Self-Care As A Diabetic Amputee


It's one of the most common diseases afflicting Americans, and it's also one of the primary causes of all amputations worldwide - diabetes.

According to the Limb Loss Coalition, vascular disease is responsible for 54% of all amputations, including complications from diabetes. Trauma comes in as the number two cause in 45% of cases. What's even more eye-opening is the fact that of all individuals with a lower limb amputation due to diabetes, up to 55% will require additional amputation of the second leg within three years.

If you're a diabetic or a diabetic amputee, there are several important things you need to know that can help you avoid future or existing complications. The most important thing to remember is that self-care is absolutely critical to your overall health and success, and any potential problems should be discussed with your physician. 

  • Check your feet every day. Diabetic nerve pain often results in more than just discomfort; loss of feeling means that you can hurt yourself and not even realize it. This greatly increases the likelihood of an infection or an ulcer, especially in the event that an unnoticed blister worsens.
  • Circulation problems associated with diabetes is one of the leading factors when it comes to amputation. Taking care of yourself, including managing your glucose levels and taking medications as prescribed, is so incredibly important.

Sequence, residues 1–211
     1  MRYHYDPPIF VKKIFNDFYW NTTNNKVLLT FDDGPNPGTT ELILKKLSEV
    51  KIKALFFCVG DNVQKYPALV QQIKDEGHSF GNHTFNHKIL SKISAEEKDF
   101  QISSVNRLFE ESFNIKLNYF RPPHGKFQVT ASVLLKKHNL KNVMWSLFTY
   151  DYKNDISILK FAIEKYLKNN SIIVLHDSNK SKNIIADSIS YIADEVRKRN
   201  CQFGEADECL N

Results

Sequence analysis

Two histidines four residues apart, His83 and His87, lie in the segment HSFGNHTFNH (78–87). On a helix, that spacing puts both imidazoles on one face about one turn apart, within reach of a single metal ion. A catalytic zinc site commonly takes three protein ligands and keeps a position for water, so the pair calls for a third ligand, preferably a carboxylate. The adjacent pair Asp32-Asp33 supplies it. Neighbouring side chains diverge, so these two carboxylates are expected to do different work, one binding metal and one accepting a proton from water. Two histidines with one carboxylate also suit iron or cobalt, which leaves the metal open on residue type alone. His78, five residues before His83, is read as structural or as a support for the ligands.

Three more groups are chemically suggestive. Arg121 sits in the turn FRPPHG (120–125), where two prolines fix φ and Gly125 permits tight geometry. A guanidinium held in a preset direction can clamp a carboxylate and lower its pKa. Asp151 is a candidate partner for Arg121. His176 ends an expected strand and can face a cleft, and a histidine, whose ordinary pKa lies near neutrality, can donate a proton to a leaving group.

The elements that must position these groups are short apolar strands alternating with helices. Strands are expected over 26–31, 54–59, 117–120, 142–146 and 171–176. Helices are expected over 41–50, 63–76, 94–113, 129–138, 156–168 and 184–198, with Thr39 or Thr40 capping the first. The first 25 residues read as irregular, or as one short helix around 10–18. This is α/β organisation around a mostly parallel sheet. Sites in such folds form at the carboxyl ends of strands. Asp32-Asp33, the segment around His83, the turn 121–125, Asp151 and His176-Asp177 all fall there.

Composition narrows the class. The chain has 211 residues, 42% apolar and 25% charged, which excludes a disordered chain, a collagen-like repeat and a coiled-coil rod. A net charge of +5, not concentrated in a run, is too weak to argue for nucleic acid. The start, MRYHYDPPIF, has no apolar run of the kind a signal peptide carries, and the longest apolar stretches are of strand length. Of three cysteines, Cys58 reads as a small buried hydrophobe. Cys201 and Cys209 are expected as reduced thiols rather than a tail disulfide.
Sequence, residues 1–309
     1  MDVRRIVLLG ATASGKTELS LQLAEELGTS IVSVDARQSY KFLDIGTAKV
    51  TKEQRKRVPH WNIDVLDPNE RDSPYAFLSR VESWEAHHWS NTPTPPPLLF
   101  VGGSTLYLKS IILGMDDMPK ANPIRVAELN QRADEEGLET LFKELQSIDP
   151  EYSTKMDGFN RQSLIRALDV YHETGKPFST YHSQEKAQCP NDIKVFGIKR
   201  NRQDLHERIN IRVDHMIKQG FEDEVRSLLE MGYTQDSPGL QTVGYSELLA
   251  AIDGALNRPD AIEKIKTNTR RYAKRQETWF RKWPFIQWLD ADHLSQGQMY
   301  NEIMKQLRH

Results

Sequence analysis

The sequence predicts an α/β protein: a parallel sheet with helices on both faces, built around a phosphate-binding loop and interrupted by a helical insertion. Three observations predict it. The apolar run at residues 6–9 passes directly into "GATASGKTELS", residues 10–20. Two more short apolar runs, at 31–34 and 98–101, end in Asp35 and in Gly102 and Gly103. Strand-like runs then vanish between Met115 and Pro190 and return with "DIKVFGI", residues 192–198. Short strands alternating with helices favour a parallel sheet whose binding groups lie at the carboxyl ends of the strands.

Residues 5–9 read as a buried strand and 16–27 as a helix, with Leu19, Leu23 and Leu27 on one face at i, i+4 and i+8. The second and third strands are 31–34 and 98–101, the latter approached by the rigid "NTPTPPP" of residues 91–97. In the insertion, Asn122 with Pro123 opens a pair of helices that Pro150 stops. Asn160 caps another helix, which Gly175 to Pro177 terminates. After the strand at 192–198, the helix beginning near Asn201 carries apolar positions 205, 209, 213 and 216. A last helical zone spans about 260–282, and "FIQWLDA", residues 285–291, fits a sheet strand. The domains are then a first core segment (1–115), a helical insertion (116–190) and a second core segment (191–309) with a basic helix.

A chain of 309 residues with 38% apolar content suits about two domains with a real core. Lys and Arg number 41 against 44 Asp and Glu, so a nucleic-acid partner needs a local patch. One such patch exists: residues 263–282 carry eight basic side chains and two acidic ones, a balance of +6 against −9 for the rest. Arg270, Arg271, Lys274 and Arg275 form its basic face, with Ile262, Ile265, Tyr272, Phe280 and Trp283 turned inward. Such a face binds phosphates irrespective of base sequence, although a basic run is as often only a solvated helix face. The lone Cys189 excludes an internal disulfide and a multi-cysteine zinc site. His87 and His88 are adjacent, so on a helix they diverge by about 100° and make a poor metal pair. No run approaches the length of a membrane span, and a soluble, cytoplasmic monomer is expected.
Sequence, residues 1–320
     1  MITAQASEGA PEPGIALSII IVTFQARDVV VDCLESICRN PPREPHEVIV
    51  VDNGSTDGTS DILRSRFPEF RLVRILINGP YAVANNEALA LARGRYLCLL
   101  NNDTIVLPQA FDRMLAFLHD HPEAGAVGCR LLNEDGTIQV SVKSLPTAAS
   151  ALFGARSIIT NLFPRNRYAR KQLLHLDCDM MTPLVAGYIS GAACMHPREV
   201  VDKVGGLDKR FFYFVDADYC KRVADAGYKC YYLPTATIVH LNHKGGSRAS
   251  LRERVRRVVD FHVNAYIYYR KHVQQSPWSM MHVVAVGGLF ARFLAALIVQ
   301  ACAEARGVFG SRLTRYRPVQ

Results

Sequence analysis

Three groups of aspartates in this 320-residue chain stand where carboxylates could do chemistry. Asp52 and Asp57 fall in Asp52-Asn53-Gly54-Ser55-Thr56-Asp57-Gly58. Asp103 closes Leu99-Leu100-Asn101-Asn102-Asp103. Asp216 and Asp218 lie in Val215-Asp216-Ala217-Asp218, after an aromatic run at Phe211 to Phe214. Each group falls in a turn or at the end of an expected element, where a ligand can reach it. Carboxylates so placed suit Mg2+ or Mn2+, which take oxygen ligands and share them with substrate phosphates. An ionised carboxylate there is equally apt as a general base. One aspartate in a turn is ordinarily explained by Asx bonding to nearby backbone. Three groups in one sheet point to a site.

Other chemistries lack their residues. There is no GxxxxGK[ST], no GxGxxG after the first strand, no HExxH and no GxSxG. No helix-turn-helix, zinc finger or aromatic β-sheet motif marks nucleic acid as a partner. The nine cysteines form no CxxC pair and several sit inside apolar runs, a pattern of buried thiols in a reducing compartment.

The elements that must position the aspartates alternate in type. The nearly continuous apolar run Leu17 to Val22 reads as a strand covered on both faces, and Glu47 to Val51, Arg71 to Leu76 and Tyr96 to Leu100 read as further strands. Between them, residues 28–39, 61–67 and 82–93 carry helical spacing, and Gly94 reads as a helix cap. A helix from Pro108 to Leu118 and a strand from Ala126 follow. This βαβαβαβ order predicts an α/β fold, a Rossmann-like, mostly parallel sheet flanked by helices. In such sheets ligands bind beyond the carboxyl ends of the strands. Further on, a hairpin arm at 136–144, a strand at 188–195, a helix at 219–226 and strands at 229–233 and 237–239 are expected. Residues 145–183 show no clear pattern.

• Get regular check-ups. This includes a simple clinical examination to be properly inspected for any potential or developing issues with your extremities.
  • Know your risk factors. If you're over age 75, your risk for an amputation due to diabetes greatly increases. Additionally, minority populations are almost three times as likely to be diabetic than non-Hispanic whites, resulting in a higher risk of amputation.
  • Don't smoke! This drastically increases complications for practically every disease - especially when it comes to your circulation and vascular health.
  • Make sure to follow your practitioner's orders to wear diabetic socks, well-fitting shoes, and/or to keep your feet in good physical condition, such as regularly maintaining your toenails.

Do you have further questions or concerns about complications from diabetes or its effects on an existing or potential amputation? Here at New Hope Prosthetics & Orthotics, we'll do our very best to assist our patients and help them experience a full and abundant life. Please don't hesitate to reach out to us!

Team New Hope